22 Jan 2020

Artificial Intelligence and Cybersecurity

Task Force Evaluation of the HLEG Trustworthy AI Assessment List (Pilot Version)

Lorenzo Pupillo / Afonso Ferreira / Stefano Fantin

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The Centre for European Policy Studies launched a Task Force on Artificial Intelligence (AI) and Cybersecurity in September 2019. The goal of this Task Force is to bring attention to the market, technical, ethical and governance challenges posed by the intersection of AI and cybersecurity, focusing both on AI for cybersecurity but also cybersecurity for AI. The Task Force is multi-stakeholder by design and composed of academics, industry players from various sectors, policymakers and civil society.

The Task Force is currently discussing issues such as the state and evolution of the application of AI in cybersecurity and cybersecurity for AI; the debate on the role that AI could play in the dynamics between cyber attackers and defenders; the increasing need for sharing information on threats and how to deal with the vulnerabilities of AI-enabled systems; options for policy experimentation; and possible EU policy measures to ease the adoption of AI in cybersecurity in Europe.

As part of such activities, this report aims at assessing the High-Level Expert Group (HLEG) on AI Ethics Guidelines for Trustworthy AI, presented on April 8, 2019. In particular, this report analyses and makes suggestions on the Trustworthy AI Assessment List (Pilot version), a non-exhaustive list aimed at helping the public and the private sector in operationalising Trustworthy AI.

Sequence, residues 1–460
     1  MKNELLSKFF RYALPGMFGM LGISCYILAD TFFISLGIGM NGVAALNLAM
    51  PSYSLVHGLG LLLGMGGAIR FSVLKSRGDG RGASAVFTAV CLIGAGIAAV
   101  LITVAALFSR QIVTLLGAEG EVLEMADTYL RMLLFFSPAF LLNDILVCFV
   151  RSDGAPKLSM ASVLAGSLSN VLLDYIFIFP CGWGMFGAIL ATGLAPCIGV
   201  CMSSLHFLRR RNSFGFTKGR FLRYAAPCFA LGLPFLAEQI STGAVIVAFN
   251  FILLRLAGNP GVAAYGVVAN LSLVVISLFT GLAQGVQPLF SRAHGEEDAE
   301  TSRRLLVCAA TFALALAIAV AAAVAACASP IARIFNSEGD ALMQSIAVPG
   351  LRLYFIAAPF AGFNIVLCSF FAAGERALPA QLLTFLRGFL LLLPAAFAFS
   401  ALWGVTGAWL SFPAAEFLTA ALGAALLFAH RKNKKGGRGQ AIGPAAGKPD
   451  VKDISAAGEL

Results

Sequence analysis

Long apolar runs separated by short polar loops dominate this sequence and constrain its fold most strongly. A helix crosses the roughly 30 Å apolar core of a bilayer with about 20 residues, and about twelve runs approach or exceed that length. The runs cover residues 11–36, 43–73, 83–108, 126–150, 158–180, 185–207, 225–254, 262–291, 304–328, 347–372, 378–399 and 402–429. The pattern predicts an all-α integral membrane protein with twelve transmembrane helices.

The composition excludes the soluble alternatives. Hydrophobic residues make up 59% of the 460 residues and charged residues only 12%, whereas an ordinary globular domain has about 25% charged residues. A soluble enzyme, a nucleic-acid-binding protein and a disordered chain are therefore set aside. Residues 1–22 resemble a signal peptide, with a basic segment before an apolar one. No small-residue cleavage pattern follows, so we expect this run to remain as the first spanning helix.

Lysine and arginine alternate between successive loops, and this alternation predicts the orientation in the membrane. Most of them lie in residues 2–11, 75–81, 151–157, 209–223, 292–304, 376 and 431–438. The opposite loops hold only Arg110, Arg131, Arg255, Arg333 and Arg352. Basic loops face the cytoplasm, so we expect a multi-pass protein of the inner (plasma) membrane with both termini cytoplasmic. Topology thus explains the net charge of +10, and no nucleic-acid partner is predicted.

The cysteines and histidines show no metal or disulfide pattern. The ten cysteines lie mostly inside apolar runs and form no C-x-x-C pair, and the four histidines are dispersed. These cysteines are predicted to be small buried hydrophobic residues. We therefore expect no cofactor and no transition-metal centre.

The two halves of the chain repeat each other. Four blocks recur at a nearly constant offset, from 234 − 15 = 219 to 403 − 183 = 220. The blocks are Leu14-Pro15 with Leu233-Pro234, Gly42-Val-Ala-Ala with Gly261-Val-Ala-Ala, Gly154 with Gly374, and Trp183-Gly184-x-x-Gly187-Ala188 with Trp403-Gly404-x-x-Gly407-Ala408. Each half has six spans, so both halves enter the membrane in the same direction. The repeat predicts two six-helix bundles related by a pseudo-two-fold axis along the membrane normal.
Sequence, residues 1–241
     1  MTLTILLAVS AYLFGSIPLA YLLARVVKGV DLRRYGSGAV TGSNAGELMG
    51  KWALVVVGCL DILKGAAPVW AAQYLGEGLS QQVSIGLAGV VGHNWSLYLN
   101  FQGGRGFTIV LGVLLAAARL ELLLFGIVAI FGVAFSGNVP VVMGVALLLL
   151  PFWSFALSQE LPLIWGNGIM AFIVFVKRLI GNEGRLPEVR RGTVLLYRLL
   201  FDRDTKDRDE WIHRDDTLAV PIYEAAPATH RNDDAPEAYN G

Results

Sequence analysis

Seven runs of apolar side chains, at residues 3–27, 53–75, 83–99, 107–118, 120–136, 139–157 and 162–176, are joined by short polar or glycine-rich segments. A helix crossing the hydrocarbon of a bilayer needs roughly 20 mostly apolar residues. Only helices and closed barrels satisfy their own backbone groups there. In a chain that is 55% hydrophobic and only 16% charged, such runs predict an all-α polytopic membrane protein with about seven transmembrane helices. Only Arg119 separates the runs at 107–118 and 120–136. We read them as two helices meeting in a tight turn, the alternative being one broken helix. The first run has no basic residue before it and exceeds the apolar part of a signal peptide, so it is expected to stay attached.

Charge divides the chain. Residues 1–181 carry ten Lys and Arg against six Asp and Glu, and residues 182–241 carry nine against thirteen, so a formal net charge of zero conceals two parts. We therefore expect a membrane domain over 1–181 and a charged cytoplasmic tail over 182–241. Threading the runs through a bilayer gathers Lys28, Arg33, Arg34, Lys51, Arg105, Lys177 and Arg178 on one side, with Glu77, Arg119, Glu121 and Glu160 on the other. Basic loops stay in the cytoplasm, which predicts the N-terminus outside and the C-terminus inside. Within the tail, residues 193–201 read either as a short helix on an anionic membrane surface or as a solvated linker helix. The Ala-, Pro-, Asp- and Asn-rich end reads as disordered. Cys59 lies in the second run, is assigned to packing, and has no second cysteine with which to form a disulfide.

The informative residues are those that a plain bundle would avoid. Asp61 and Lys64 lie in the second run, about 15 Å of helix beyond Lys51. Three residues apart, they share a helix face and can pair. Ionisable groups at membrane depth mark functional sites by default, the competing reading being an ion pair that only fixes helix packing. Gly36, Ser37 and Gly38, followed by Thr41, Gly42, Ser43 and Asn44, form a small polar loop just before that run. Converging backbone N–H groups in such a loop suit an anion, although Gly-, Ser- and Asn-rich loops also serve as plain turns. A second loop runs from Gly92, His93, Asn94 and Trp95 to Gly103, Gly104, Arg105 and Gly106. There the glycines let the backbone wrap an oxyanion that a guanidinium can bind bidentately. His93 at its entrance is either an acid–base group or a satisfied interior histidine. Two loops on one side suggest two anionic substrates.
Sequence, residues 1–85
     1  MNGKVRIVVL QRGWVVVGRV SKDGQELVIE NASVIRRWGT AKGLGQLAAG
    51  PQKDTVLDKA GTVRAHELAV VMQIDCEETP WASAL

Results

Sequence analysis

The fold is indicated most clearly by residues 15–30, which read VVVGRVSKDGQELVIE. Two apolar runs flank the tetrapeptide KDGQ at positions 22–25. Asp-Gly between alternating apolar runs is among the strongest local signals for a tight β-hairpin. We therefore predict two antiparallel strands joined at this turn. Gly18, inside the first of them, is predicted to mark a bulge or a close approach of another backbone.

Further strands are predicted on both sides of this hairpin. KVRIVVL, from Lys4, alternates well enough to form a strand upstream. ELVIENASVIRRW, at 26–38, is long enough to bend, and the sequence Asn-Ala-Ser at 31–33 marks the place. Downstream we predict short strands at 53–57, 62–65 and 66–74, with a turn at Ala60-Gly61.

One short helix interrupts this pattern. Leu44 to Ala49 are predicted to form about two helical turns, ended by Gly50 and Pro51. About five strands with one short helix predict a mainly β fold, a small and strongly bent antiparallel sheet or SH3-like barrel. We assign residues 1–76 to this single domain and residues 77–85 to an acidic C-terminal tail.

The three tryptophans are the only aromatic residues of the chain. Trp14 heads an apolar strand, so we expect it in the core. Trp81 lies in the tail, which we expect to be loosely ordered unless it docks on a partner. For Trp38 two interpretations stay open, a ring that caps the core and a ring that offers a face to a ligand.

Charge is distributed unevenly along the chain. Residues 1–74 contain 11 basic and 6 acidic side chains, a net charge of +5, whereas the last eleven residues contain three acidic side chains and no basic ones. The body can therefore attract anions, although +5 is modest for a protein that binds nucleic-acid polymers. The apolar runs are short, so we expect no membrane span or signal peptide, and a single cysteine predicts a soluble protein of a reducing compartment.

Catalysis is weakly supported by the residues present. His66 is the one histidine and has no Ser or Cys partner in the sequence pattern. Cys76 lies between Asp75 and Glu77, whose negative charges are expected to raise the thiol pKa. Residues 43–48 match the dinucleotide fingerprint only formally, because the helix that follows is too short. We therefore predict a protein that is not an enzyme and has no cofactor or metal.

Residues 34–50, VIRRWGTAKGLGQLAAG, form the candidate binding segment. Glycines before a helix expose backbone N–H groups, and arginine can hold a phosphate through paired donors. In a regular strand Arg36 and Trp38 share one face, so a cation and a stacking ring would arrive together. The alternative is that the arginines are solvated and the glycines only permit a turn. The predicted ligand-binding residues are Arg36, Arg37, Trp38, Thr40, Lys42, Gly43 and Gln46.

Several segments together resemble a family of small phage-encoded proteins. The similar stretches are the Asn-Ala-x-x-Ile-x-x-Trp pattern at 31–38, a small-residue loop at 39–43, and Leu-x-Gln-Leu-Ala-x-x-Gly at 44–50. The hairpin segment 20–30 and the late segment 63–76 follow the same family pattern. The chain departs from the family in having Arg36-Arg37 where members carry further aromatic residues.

This report would like to contribute to this revision by addressing in particular the interplay between AI and cybersecurity. This evaluation has been made according to specific criteria: whether and how the items of the Assessment List refer to existing legislation (e.g. GDPR, EU Charter of Fundamental Rights); whether they refer to moral principles (but not laws); whether they consider that AI attacks are fundamentally different from traditional cyberattacks; whether they are compatible with different risk levels; whether they are flexible enough in terms of clear/easy measurement, implementation by AI developers and SMEs; and overall, whether they are likely to create obstacles for the industry.